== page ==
What is a Power of Attorney?
A power of attorney is a legal document that appoints an agent (also known as an attorney-in-fact) to act on your behalf in the case that you (the principal) are unable to manage your own affairs. This can be for a variety of reasons including travel overseas, illness, or a loss of mental capacity. Depending on the type of power of attorney you choose, your agent may be able to make a variety financial and health care decisions for you.
What are the Different Types of Powers of Attorney?
General Power of Attorney
A general power of attorney allows your agent to act on your behalf in a number of circumstances, handling matters including settlement of claims, business operations, overseeing business transactions, and buying life insurance. If you are going to be out of the country and need someone to manage your affairs in your absence, a general power of attorney is an effective way to get things done while you are away. Many individuals also choose to include a general power of attorney in estate plans to ensure an agent is in place to handle financial issues once they are no longer able to do so.
Special Power of Attorney
Under certain circumstances, some individuals may wish to sign a special power of attorney, which specifies specific powers that your agent is able to exercise on your behalf when you are unable to do so. Some of the special powers commonly specified include debt collection, real estate management, and selling of real estate and personal property.
Medical Power of Attorney
A medical power of attorney, also known as a “durable power of attorney for health care,” specifies the person that you want to make health care related decisions for you if you are no longer able to do so. The agent appointed can only act in accordance with your wishes regarding medical care that you want and do not want to receive.
Financial Power of Attorney
A financial power of attorney appoints an agent to handle your financial affairs on your behalf. Depending on the specifics dictated in the document, financial powers of attorney can be for one-time instances, like carrying out a real estate transaction while you are overseas, or comprehensive in the case that you are no longer able to manage your own financial transactions. A comprehensive financial power of attorney, known as a “durable power of attorney for finances,” allows your agent to handle a variety of financial matters if you are incapacitated, including managing your retirement accounts and filing your taxes.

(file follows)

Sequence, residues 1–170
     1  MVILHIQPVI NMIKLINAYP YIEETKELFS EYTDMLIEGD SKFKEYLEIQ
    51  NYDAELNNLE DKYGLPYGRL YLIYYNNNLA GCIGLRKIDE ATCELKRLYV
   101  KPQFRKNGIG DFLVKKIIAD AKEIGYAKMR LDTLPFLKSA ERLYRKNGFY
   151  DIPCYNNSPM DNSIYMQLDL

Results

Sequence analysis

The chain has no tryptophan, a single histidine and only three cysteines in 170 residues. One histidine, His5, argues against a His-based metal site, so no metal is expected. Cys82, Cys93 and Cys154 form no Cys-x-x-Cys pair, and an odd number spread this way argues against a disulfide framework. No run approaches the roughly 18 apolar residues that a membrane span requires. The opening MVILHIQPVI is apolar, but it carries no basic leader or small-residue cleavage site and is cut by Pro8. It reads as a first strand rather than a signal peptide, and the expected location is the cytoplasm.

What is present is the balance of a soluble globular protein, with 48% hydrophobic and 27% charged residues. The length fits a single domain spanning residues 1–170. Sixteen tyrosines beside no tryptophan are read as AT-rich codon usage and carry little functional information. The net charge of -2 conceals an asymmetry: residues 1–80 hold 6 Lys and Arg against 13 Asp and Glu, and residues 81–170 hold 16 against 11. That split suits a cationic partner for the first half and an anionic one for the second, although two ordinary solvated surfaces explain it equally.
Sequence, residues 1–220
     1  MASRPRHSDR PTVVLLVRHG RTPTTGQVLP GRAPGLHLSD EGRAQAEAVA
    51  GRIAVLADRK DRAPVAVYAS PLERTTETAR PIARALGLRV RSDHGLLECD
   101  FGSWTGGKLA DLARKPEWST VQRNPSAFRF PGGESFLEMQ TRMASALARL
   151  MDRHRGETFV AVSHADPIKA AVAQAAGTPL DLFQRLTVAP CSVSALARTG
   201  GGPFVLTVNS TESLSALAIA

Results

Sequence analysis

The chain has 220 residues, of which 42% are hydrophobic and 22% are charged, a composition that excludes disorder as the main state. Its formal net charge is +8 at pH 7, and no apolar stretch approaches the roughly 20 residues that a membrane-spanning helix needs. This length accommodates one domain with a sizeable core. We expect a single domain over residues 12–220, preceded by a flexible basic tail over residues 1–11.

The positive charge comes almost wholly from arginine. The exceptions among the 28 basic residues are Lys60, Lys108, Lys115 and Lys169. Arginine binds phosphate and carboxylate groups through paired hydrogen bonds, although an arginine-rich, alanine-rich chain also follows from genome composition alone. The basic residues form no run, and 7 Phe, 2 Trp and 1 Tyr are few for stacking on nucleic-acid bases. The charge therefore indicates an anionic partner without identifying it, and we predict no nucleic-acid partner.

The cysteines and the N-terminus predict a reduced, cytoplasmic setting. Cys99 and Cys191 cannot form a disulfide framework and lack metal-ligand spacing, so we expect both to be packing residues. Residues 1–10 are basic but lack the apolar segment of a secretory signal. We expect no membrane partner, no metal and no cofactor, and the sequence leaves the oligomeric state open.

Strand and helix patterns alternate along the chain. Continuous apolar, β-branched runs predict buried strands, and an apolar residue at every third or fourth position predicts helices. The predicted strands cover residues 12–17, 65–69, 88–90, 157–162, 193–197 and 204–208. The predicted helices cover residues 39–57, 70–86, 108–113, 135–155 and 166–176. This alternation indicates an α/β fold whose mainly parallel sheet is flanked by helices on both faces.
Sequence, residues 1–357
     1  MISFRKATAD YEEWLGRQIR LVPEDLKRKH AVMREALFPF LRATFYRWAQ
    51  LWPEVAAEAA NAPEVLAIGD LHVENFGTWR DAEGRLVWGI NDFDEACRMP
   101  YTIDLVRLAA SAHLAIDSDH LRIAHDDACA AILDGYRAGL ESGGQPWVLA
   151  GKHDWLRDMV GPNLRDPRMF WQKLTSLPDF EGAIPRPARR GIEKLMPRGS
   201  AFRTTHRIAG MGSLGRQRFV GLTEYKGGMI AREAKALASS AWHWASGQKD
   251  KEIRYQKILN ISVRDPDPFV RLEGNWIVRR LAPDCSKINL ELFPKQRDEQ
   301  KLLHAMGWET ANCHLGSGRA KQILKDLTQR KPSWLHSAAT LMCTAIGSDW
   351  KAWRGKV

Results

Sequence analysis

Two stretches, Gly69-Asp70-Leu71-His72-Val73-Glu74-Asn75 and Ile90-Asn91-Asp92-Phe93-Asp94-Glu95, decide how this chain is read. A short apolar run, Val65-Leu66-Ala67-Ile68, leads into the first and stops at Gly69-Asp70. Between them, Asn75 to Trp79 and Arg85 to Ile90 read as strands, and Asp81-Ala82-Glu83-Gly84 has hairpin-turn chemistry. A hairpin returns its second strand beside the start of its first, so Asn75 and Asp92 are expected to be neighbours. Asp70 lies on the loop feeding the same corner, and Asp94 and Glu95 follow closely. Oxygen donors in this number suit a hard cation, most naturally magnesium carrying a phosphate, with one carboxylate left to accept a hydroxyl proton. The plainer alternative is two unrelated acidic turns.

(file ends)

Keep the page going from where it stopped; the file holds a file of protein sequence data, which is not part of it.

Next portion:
What is Durable Power of Attorney?
Many power of attorney agreements only allow the designated agent to act on your behalf if you are in a good mental state. These agreements are automatically terminated once you become mentally incapacitated or unable to handle your own affairs. If you wish for your agent to continue to act on your behalf, even if you are incapacitated, it is important to sign a durable power attorney, which remains in effect and allows your agent to act on your behalf even when you are unable to do so any longer.
Whether you need a general power of attorney or a durable power of attorney, it can be overwhelming to make these decisions on your own, as there are many factors to take into consideration. If you are in need of assistance gaining powers of attorney or creating a power of attorney, contact our experienced team today.